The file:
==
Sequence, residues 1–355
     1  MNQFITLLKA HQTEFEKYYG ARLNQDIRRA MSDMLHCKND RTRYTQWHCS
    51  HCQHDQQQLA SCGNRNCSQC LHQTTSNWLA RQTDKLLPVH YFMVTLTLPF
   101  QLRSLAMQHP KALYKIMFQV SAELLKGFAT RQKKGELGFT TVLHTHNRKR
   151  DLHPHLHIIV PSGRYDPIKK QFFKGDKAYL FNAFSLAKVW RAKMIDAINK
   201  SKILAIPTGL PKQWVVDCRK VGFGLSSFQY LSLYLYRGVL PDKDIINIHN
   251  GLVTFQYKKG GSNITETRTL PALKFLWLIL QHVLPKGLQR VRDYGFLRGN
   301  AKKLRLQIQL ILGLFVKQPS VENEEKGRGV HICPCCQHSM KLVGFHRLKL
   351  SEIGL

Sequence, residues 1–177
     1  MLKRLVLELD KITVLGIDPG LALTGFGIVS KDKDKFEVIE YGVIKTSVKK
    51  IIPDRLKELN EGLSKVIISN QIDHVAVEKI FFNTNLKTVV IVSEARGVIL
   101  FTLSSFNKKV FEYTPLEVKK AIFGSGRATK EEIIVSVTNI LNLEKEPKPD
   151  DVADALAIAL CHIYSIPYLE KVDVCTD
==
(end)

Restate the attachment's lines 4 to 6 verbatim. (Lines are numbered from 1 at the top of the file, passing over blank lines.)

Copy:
   101  QLRSLAMQHP KALYKIMFQV SAELLKGFAT RQKKGELGFT TVLHTHNRKR
   151  DLHPHLHIIV PSGRYDPIKK QFFKGDKAYL FNAFSLAKVW RAKMIDAINK
   201  SKILAIPTGL PKQWVVDCRK VGFGLSSFQY LSLYLYRGVL PDKDIINIHN